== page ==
What Are The Flotation Reagents And Problems For Tantalum-niobium?

Published time:06 May 2024

Tantalum and niobium ore beneficiation generally use gravity separation for rough beneficiation, while gravity separation, flotation, electromagnetic separation, or a combined process of beneficiation and smelting are used for beneficiation to process ores with a high content of fine ore or native mud. Ore washing operations are indispensable, and at the same time, high-efficiency grinding and classification equipment reduce the mudification of tantalum and niobium minerals.



Commonly used collectors for tantalum and niobium flotation include fatty acids, arsenic acids, phosphonic acids, hydroxamic acids, cationic collectors, etc. The environmental pollution and pharmaceutical cost issues of collectors are crucial. With the development of the chemical industry, pharmaceuticals with wide sources of raw materials, simple synthesis processes, easy biodegradation, good selectivity, non-toxic and harmless, and reasonable prices will continue to appear to meet the needs of tantalum and niobium concentrators.


What Are The Reagents Used For Tantalum-niobium Flotation?

Tantalum and niobium mineral resources are famous for being poor, fine miscellaneous, and difficult to separate. Although the current mineral processing technology has made great progress compared with the past, the recovery rate of mineral processing is still low. In recent years, many scholars at home and abroad have conducted a lot of research work on tantalum and niobium flotation reagents. Among them, the more effective collectors include fatty acids, arsenic acids, phosphonic acids, hydroxamic acids, and cationic collectors.

1. Tantalum niobium mineral collector

  • Fatty acid collectors
    The former Soviet Union’s Polikin С И and Gradkikh Ю А used oxidized ore collectors including oleic acid, sodium oleate, sodium tri-decanoate, sodium alkyl sulfate, and sodium isobutyl phosphate in 1959 to study the floatability of columbite-tantalite, tourmaline, and garnet.
    Tests show that when fatty acids are used as collectors, the collection ability of saturated hydrocarbon groups is worse than that of unsaturated ones. When the pH value is 6 to 8, flotation of columbite-tantalite with sodium oleate is extremely effective and is inhibited in both strongly acidic and alkaline media.
    Modification of fatty acids can improve their selective capture properties. For example, new effective active groups such as the sulfonic acid, polycarboxyl, sulfate, halogen, amine (amino), aminoacyl, and amide groups are introduced into the molecule.
  • Arsonic acid collectors
    Arsinic acid can form strong surface compounds with rare metal minerals such as tantalum and niobium, with the hydrocarbon groups facing outward, making the minerals hydrophobic. However, there is no such chemical adsorption with gangue minerals, so it has a strong collection ability and good selectivity. The disadvantage is that there are pollution problems in the production and use of arsine-containing substances. Benzylarsinic acid and toluenearsic acid are effective collectors for tantalum and niobium minerals, wolframite, and cassiterite. Mixing arsenic acid with xanthate can greatly improve the recovery rate of wolframite, cassiterite, tantalum, and niobium minerals.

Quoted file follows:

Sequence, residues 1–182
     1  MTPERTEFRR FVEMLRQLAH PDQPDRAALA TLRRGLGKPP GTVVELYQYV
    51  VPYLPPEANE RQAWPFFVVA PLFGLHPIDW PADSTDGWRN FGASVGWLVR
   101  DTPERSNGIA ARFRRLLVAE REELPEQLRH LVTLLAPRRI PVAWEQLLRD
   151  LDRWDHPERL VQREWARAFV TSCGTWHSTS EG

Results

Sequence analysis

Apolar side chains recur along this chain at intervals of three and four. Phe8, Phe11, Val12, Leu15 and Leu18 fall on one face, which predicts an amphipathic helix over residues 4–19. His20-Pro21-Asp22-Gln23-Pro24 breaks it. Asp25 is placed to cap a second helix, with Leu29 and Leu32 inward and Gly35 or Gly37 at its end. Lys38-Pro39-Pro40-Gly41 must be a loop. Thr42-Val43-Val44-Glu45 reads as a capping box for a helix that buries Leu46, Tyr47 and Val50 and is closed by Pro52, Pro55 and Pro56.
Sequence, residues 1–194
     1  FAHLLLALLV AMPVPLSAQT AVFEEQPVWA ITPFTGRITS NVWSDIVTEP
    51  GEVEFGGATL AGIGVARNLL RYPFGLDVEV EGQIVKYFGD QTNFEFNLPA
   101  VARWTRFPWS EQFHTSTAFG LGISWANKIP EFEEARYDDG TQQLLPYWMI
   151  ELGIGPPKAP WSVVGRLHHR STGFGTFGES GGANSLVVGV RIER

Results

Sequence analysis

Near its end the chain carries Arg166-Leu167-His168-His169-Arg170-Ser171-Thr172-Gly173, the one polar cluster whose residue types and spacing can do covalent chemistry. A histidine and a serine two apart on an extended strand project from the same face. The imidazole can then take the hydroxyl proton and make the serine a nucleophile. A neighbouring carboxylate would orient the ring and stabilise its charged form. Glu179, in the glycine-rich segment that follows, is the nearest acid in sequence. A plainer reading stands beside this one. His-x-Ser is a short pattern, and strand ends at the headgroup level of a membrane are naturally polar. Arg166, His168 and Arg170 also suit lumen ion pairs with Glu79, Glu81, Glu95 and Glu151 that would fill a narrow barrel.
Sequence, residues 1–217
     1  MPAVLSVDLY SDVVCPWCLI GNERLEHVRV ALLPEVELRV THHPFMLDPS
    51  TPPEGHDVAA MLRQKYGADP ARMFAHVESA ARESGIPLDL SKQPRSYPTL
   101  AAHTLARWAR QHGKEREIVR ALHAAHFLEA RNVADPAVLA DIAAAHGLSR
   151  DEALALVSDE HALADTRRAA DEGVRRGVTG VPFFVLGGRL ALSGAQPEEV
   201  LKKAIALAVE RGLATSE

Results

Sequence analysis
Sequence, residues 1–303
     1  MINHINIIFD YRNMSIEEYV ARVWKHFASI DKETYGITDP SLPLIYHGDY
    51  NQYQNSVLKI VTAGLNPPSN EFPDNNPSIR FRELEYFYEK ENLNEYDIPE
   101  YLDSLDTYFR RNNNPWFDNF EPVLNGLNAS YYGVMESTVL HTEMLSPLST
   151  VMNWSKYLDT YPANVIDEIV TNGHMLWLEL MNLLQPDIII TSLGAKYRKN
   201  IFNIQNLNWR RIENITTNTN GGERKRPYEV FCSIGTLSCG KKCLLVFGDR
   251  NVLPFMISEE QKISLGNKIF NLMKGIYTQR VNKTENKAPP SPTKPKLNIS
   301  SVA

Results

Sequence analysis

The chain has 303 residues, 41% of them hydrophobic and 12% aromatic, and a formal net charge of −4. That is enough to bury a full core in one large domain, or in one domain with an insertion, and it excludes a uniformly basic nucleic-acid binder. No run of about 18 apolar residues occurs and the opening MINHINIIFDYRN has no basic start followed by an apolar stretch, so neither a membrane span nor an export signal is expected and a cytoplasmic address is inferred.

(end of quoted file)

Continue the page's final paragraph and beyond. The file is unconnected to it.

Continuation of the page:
• Phosphonic acid trapping agents
    The solubility of phosphonic acid in aqueous solution changes with the change of pH value. Generally, it has good solubility in an alkaline medium. It is dissolved by forming alkali metal salt. Phosphonic acid forms insoluble salts with metal ions such as Ca2+, Fe2+, Fe3+, Sn2+, etc., so it can capture tantalum and niobium minerals.
    Research on the use of bisphosphonic acid to collect niobate rutile shows that when the pH value of the slurry is 2 to 4, bisphosphonic acid is a good collector of niobate rutile, with a recovery rate of 90.87% to 91.70%. Bisphosphonate acid is adsorbed on the surface of niobate rutile, and the adsorption form is mainly chemical adsorption.
  • Hydroxamic acid collectors
    Hydroxamic acid and its salts were used in the early flotation of malachite and hematite and later used as collectors for various rare metal ores. Naphthalene hydroxamic acid has good selective collection performance for wolframite but has an extremely weak collection ability for quartz and fluorite. Using C7~9 hydroxamic acid to flotate yellow-green stone ore, the concentrate contains Nb2O5 6~20%, and the recovery rate is 65~66%.
  • Cation collector
    In neutral media, cationic collectors are effective collectors for tantalum and niobium minerals; in strongly acidic media, the surfaces of tantalum and niobium minerals are mostly positively charged, which is not conducive to the flotation of cationic collectors; from the perspective of solution chemistry, The cationic collector undergoes hydrolysis reaction in aqueous solution. In a strongly alkaline medium, a large OH- concentration is not conducive to the hydrolysis reaction, and the cationic concentration of the collector decreases, which is detrimental to flotation. Brazil’s Araxa dressing plant uses amines as collectors to flotation pyrochlore and achieve good results. Other studies have shown that dodecyl amine acetate can effectively flotate columbite minerals in neutral media.